Either I'm lowering my expectations for "Heroes" this season, or this was a relatively strong episode. Maybe it has something to do with the fact that the writers are finally getting around to pulling some of the disparate plot threads together and making sense of it all. I really like the idea that many of the established metahumans or "Specials" are being manipulated into villainy, not because it's remotely original, but because of the characters involved.
It's always more interesting when the villains believe that they are doing the right thing, because it's more authentic. Far more authentic than, say, the notion that people go bad because of a "hunger" that drives them to do harm. I'm still annoyed that they took that direction with Sylar, and it looks like the same thing is happening with Peter. The only saving grace is the strong possibility that Peter will go completely rogue, and Sylar will be the one dispatched to stop him. It would be a nice way to bring about their long-promised full-powered confrontation.
To be honest, I don't remember much about Arthur Petrelli, but considering how much of the season has been about family issues, I suppose it makes sense for him to be the mastermind this time around. Here again, we have an original founder of the Company threatening the world. From what I recall, wasn't Arthur Petrelli a normal human being? Perhaps he gave himself a power, just as he did with the children he experimented with; he could have thus concluded that the world would be better off if everyone had a power.
Whatever the case, one must question a number of unusual circumstances in the current season, now that we know that Arthur has a "Mastermind" character in his employ. That said, I think Matt's current spiritual journey will hold particular importance. Unless the writers claim that Matt's experience is one big illusion, it probably holds the key to the resolution of this threat. Arthur may not know what Matt has been shown, and that would allow Matt to infiltrate the "villains" and make the difference.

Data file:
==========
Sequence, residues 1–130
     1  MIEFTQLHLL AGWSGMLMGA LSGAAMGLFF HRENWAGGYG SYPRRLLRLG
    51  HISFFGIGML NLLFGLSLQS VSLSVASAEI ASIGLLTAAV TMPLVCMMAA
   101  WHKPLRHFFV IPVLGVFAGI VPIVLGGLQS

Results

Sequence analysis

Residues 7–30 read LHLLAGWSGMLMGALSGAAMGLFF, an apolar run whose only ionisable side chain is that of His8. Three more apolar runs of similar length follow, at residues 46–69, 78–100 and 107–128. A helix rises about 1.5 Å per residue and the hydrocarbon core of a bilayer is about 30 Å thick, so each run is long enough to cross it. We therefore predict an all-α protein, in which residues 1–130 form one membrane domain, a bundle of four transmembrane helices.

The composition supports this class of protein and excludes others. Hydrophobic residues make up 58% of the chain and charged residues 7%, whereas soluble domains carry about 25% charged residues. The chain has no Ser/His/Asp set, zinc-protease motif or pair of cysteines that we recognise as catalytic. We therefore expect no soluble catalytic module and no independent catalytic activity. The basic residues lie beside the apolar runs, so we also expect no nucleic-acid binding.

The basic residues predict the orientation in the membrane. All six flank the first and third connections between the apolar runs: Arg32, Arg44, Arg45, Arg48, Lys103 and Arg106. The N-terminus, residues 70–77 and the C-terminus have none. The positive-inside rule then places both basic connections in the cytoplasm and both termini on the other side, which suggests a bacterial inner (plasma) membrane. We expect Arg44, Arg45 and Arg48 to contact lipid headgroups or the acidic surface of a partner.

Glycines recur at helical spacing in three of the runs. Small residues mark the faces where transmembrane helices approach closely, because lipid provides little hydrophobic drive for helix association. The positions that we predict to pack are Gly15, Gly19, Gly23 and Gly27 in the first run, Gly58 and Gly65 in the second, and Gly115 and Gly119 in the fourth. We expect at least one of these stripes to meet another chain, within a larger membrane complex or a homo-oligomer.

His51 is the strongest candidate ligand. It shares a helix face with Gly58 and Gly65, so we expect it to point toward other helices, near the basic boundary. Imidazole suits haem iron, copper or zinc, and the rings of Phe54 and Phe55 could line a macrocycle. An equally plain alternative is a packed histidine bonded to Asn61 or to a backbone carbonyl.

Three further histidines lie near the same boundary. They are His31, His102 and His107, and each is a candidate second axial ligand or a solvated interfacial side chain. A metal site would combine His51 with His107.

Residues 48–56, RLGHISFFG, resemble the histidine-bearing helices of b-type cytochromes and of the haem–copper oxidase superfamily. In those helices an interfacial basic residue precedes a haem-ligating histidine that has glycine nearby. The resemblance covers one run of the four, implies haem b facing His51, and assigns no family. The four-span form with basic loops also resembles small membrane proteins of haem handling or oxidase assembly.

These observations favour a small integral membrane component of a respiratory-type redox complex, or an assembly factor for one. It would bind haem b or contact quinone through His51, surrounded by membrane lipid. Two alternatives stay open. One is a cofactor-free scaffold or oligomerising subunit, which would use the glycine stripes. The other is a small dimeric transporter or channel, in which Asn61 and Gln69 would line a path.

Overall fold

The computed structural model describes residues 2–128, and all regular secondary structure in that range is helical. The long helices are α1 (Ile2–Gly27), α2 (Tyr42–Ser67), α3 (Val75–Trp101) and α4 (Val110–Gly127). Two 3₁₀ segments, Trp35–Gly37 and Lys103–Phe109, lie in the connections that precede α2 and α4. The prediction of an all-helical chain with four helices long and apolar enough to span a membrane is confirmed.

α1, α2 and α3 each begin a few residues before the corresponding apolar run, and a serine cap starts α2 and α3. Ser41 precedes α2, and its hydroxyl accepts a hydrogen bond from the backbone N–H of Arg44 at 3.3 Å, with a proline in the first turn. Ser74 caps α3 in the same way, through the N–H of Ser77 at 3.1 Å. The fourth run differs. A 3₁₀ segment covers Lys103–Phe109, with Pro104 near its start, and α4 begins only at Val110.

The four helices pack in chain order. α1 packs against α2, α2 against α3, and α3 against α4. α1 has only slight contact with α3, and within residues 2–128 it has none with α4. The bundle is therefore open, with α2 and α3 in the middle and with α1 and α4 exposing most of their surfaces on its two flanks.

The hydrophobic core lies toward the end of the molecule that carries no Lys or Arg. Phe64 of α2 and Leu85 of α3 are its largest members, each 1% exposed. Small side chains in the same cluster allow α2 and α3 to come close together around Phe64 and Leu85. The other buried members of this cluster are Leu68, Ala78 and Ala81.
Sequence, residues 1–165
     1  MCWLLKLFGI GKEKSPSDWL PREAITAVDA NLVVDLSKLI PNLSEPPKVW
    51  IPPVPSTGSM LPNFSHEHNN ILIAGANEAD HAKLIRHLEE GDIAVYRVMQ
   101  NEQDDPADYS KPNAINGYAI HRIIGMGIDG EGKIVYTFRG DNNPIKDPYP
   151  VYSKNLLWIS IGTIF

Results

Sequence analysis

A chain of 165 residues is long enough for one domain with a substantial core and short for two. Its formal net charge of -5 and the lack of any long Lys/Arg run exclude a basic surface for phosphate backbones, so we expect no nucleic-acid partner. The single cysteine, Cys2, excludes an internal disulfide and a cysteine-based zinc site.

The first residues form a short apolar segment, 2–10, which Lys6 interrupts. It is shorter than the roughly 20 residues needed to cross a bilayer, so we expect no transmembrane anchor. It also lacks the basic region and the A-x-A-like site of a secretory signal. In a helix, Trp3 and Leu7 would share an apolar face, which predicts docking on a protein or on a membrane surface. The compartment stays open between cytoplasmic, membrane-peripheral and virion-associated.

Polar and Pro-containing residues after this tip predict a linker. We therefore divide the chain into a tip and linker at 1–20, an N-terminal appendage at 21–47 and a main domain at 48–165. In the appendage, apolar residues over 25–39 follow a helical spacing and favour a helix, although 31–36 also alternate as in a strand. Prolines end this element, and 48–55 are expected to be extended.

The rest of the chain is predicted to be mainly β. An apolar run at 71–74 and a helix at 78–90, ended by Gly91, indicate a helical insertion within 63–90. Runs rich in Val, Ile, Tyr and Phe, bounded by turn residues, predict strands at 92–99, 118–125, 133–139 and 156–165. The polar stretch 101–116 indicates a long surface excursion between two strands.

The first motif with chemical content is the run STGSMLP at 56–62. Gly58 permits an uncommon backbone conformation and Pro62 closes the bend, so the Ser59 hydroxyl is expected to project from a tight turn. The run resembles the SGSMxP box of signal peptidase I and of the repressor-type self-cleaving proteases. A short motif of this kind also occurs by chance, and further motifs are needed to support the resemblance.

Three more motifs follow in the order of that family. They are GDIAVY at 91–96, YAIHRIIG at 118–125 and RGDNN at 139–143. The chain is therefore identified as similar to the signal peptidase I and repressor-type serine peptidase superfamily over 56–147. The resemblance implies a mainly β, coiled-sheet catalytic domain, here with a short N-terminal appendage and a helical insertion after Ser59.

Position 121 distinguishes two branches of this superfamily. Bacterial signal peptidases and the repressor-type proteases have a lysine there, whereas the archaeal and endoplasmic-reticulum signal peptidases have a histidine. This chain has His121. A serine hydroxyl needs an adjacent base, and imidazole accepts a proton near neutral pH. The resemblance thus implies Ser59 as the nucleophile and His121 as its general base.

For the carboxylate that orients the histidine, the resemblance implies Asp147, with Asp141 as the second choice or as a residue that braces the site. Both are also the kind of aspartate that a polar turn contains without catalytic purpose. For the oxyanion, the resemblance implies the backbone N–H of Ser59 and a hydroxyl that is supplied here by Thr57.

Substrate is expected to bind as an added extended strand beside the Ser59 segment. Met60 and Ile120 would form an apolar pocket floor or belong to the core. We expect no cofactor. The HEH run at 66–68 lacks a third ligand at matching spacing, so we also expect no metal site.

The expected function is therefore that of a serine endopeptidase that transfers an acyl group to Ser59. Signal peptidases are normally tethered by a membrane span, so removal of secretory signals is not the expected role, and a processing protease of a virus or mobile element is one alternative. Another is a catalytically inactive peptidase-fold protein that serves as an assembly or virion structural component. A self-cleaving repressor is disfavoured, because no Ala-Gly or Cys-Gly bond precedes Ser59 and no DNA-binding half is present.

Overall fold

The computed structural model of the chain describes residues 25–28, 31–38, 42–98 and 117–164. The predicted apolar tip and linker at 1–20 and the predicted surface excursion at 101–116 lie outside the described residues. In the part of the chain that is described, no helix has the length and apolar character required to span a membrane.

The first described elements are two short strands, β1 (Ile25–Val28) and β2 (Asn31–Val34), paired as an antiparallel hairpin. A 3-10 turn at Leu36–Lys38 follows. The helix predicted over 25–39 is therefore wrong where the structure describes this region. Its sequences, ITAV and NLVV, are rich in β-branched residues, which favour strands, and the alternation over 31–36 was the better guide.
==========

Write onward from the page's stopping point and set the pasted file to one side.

Hiro is another character with a questionable vision of the future. The rift between Hiro and Ando was already hard to reconcile, especially the speed of their friendship's apparent decline. This episode only compounds the issue with one of the more ridiculous scenes in the history of the series. Does anyone really believe that Hiro stabbed Ando to death? Hiro's supposed betrayal was so quick and contrived that it nearly undermined all the other material in the episode on its own.
In contrast, the writers are doing exactly what I had hoped they would do with Claire: they are making a strong case for her eventual descent. Claire acts out on her own, ready to take extreme action, but her compassion leads her to a different path. If Mr. Bennett hadn't first shown up with Sylar, then hadn't used the renegade as a pawn to kill Sylar, Claire might have retained some trust in the "good guys". But now that faith is shattered, it makes sense that she would be vulnerable to anyone who presents her with a sense of self-security.
"Heroes" is still suffering from the same lack that keeps it from running with the best genre shows currently on the air. "Lost", "Supernatural", and "Battlestar Galactica" feature outlandish situations, but the focus is on character psychology. We have some insight into how the characters view themselves in this episode, but with the exception of Claire, it lacks depth. The focus is all too external; the show would truly excel if the focus was on internally consistent growth.